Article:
Generating Fake Data for Postgres in an Elixir script

By Mitchell Henke on October 11th 2016

When playing with new features in databases, it's often helpful to be able to have a meaningful amount of data, to get closer to at least approximating a real workload. My use case revolved around needing to generate random phrases, as well as a random nearby coordinate.

I'm a huge fan of Elixir, and so it was my language of choice for this. I didn't want to deal with the overhead of adding any dependencies, so communicating directly with Postgres through Elixir was not an option. I decided I would have the script generate a bunch of INSERT statements that I could then pass to Postgres directly.

It ended up looking like this:

# words.exs

# random words generated from https://www.randomlists.com/random-words
words = ["general", "sweet", "boot", "enormous", "thumb", "rinsing", "soda", "bells", "hurry", "class", "wrap", "face", "creature", "taller", "angle", "pin", "purple", "driving", "fun", "elderly", "guitar", "magical", "pie", "acoustics", "pretend", "electricity", "cheese", "turkey", "tea"]

central_latitude = 43.0384303
central_longitude = -87.9079503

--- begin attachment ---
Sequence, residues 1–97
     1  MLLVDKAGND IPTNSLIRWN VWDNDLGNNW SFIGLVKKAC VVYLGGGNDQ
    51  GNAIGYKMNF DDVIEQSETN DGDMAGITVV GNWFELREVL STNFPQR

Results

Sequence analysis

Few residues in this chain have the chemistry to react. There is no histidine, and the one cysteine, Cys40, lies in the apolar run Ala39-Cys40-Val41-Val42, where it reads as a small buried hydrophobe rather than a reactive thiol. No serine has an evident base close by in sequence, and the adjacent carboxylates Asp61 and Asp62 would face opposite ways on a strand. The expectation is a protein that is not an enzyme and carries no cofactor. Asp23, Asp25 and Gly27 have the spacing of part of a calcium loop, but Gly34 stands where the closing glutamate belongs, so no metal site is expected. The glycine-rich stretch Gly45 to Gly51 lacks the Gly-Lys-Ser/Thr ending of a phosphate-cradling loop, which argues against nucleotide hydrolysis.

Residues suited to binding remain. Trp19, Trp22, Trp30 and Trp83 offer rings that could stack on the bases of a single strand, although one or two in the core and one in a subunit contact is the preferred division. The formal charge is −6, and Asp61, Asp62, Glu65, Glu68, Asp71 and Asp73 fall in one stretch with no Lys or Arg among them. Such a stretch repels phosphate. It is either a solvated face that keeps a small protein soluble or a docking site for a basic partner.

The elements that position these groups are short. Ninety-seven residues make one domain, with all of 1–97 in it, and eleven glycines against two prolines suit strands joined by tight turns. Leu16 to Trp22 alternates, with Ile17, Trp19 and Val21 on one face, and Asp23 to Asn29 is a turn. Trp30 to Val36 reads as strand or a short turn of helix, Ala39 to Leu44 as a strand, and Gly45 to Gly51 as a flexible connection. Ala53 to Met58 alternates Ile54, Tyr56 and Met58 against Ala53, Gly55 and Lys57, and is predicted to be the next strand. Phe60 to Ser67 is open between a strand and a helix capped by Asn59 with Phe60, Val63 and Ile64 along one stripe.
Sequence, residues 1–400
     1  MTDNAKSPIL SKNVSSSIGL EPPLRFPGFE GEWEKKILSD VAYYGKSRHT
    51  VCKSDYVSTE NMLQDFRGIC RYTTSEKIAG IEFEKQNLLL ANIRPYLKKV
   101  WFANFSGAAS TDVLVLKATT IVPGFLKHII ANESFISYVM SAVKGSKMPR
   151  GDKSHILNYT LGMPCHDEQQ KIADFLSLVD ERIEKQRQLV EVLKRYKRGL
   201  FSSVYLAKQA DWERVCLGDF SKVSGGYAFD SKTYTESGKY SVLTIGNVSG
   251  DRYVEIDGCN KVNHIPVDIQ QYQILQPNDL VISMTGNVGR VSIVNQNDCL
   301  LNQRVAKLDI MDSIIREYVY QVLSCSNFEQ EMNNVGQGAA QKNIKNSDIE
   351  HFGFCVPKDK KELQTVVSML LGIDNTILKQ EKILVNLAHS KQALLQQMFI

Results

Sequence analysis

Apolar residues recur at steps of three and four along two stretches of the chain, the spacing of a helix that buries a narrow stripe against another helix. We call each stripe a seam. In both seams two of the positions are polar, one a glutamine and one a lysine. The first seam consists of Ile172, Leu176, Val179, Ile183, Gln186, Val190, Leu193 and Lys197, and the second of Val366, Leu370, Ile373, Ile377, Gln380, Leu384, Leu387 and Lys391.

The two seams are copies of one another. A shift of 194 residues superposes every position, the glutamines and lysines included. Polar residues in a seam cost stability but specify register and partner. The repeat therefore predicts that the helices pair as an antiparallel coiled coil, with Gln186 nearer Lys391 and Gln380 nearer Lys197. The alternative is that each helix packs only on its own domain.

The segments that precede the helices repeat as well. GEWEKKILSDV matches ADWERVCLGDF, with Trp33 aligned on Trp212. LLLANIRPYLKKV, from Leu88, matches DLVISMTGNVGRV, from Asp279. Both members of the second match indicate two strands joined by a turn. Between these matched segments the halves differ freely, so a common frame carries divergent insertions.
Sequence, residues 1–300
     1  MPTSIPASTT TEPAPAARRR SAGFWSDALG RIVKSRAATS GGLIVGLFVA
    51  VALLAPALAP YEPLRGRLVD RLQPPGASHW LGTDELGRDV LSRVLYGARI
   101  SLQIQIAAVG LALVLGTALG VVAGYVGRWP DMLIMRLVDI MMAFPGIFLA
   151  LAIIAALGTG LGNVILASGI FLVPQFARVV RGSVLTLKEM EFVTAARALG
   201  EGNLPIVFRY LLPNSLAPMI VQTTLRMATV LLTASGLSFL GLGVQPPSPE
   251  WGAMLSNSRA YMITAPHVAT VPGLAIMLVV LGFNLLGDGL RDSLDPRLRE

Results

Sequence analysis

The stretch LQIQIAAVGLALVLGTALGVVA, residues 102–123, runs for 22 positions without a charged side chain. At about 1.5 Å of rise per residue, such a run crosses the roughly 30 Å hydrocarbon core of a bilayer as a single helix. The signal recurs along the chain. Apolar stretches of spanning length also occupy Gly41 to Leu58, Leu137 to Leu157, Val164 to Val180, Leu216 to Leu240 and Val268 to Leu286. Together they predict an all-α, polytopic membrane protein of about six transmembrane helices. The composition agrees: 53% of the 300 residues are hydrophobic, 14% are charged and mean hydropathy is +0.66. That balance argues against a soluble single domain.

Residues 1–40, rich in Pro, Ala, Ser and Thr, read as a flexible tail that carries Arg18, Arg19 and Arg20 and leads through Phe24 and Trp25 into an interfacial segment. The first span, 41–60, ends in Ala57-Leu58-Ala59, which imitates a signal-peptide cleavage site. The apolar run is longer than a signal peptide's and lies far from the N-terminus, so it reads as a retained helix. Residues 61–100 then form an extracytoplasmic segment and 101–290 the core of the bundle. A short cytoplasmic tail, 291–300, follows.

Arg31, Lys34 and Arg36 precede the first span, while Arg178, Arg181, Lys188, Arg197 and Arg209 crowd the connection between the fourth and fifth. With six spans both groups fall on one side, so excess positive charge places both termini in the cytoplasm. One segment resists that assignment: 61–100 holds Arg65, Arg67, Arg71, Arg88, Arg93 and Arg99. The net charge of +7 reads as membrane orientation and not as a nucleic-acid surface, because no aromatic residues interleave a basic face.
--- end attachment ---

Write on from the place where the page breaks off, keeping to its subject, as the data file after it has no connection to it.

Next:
# file to create
file_path = "./sql.sql"

stream = Stream.repeatedly(fn ->
  # get coordinate within .033 degrees in each direction
  latitude = central_latitude + :random.uniform / 30.0
  longitude = central_longitude + :random.uniform / 30.0

  # Grab 5 random words from the list, and join them with a space to create one string
  words = Enum.take_random(words, 5) |> Enum.join(" ")

  # Emit desired string
  "INSERT INTO test (words, words_vector, geo) VALUES ('#{words}', to_tsvector('#{words}'), ST_GeomFromText('POINT(#{longitude} #{latitude})', 4326));"
end)

# Lazily take as many rows as we'd like to generate, and then join them with a line.
sql = Stream.take(stream, 250000)
      |> Enum.join("\n")
File.write!(file_path, sql, [:write])

# run with:
# >elixir words.exs

Once it's run, I have a file with 250,000 insert statements that can be run through Postgres with:

psql -d database_name --quiet -f sql.sql

It wasn't the most efficient way to solve the issue, but it didn't need to be :)

Feel free to contact me on Twitter at @mitchellhenke with any questions or clarifications. Thanks for reading!

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